Ojibwe Shoulder Bag Activity Starter Kit
Based on stories from the Mille Lacs Band of Ojibwe in Central Minnesota, the kit can enrich your lessons on native culture, wherever you live in the United States or beyond. Anything but a simple coloring activity, this project is ideal for art and social studies, but can be adapted to multiple subject areas. See where the kit will take you!
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- Video clips for students:
- How to Decorate Your Bags (2:25 minutes)
- Meet Ojibwe Beadworker Cheryl Minnema (3:30 minutes)
- Visiting the Mille Lacs Indian Museum and Trading Post (4:50 minutes)
- Behind the Scenes with Ojibwe Collections (5:50 minutes)
- Video clip for teachers: Four educators discuss how to make this project meaningful (15:30 minutes). The panel includes an Ojibwe elder from the Mille Lacs band, a Navajo art teacher who works at a school on the Mille Lacs reservation, a St. Paul middle-school teacher with more than 25 years in the classroom and a Cherokee woman who serves as American Indian advisor in one of the largest school districts in Minnesota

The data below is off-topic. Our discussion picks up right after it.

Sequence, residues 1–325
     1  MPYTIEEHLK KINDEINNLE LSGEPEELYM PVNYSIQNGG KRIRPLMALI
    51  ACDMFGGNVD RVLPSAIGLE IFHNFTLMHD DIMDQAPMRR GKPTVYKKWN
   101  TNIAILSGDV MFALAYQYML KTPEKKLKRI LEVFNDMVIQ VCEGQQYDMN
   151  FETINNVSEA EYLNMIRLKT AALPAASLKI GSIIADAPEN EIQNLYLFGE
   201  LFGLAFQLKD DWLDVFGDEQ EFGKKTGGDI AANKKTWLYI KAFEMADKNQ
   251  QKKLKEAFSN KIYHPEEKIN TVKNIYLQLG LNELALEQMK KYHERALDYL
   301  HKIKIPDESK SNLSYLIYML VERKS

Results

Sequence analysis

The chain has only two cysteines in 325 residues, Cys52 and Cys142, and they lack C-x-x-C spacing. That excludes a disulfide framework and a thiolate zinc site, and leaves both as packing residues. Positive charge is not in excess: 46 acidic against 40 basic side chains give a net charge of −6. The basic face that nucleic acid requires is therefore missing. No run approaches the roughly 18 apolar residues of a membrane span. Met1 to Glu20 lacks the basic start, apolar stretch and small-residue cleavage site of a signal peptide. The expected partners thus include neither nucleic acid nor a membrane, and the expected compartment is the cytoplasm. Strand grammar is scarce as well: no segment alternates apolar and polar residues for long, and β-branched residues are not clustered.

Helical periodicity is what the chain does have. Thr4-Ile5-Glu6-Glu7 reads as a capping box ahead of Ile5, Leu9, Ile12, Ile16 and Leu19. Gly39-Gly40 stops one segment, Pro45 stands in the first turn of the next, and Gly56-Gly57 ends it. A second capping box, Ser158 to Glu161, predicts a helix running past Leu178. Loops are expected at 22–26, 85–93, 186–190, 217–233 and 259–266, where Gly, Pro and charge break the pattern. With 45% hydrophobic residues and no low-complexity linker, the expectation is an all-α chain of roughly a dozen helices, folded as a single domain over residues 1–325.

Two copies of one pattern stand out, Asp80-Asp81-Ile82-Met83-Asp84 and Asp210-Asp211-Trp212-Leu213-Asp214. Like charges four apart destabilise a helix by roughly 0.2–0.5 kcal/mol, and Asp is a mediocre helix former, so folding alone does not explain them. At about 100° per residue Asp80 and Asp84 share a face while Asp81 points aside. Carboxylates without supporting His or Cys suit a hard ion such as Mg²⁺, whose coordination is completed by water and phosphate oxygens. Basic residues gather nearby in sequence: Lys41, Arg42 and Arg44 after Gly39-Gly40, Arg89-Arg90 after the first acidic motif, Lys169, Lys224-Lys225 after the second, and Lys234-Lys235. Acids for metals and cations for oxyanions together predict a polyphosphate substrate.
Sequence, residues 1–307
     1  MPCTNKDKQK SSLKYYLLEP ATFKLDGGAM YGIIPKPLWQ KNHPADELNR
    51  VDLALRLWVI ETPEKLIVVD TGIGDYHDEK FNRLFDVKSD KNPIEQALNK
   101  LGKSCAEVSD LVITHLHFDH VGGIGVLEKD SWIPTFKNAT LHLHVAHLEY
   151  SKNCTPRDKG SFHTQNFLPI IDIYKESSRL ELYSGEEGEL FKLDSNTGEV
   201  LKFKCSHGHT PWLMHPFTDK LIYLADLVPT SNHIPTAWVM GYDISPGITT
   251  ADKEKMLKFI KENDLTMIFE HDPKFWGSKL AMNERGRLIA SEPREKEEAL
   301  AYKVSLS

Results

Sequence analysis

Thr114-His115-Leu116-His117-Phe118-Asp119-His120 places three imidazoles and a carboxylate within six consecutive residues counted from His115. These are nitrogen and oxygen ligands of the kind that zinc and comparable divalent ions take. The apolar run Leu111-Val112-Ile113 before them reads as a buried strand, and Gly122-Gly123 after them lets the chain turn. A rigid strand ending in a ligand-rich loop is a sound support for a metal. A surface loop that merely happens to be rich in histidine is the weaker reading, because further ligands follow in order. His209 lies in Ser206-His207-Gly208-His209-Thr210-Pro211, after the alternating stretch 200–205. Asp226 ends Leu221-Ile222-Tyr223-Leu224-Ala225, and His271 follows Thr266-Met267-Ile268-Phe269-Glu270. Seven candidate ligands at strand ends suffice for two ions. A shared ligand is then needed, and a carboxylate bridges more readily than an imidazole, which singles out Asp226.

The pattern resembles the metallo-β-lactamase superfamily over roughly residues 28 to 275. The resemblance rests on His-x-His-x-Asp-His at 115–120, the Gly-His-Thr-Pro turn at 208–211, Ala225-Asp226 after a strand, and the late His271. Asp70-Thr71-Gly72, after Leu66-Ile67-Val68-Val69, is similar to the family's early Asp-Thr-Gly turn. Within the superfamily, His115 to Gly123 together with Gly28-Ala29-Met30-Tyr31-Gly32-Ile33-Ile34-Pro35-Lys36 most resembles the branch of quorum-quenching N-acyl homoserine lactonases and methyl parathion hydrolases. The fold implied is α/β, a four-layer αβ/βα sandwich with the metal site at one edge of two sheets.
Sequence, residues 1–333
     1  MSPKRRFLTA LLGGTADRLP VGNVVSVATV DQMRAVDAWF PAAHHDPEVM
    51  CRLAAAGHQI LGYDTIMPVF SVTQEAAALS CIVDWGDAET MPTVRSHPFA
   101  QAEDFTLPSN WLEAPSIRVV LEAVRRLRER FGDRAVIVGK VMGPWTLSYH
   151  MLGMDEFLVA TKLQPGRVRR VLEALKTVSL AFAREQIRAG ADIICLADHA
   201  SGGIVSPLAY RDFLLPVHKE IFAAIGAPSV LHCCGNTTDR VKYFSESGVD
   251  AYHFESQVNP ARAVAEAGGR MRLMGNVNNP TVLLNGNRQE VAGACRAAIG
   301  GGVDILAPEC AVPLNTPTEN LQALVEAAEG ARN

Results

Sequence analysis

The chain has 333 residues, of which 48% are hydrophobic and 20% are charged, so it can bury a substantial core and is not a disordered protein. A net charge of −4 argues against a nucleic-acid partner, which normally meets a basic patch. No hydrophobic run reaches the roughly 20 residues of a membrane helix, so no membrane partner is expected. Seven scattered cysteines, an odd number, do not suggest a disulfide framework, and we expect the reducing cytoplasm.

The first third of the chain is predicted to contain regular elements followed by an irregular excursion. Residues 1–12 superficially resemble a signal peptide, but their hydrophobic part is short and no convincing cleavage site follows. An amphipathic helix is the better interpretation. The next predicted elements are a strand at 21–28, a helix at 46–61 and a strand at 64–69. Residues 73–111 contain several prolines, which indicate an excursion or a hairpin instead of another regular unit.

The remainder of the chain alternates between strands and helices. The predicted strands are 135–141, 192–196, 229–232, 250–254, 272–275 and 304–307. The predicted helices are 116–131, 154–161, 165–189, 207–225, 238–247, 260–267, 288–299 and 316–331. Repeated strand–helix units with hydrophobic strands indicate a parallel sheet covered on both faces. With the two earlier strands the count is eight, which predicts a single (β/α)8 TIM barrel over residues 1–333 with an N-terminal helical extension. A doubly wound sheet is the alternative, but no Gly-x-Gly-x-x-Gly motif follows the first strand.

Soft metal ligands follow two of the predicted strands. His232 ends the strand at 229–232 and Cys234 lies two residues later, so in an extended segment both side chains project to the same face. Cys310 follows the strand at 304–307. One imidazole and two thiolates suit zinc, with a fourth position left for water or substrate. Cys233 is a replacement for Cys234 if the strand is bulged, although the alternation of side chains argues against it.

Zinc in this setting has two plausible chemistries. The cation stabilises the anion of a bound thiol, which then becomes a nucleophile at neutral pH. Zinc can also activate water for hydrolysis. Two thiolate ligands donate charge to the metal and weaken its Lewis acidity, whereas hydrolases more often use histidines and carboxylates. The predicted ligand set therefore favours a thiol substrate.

Laminated classroom placards
- Bandolier bags from the collections of the Minnesota Historical Society (8 placards)
- "Plants and Ojibwe Life: Food, Medicine and Materials" placard (1 placard)
- Tracing patterns (1placard. Tracing patterns depict plants featured on "Plants and Ojibwe Life" placard)
Teacher's Guide (29 pages). Includes FAQs, discussion questions, standards connections, cross-curricular extension ideas, and background information on traditional Ojibwe seasonal lifeways.
Fast Facts: Kit Development
- The shoulder bag decoration activity is inspired by Ojibwe bandolier bags. The bag's printed design matches that of a contemporary bag created by Cheryl Minnema, a master beadworker from the Mille Lacs Band of Ojibwe in central Minnesota.
- The kit's development process was an active collaboration among staff from two Minnesota Historical Society museums--the Minnesota History Center and the Mille Lacs Indian Museum.
- The Society's Indian Advisory Committee, comprised of Ojibwe and Dakota members from throughout the state, was an integral source of ideas and consultation throughout the kit's creation.